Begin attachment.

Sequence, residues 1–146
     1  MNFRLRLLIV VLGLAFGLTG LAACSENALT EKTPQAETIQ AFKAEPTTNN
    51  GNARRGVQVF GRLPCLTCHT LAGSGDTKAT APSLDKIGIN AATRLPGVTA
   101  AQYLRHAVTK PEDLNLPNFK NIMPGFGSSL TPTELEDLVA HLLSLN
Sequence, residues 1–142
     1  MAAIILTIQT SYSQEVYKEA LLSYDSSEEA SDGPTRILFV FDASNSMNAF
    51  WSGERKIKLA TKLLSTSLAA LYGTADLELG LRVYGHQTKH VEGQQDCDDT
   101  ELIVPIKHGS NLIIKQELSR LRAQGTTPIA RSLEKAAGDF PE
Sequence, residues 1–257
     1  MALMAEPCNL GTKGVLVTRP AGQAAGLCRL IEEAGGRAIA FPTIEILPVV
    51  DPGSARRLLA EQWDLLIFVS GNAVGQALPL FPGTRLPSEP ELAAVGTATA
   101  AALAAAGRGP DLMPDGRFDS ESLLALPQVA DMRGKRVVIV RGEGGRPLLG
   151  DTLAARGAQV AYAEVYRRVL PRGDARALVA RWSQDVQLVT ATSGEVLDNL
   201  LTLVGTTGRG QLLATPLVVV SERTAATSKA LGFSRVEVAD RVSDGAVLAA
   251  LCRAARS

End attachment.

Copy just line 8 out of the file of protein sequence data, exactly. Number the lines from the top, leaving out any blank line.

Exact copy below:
   101  ELIVPIKHGS NLIIKQELSR LRAQGTTPIA RSLEKAAGDF PE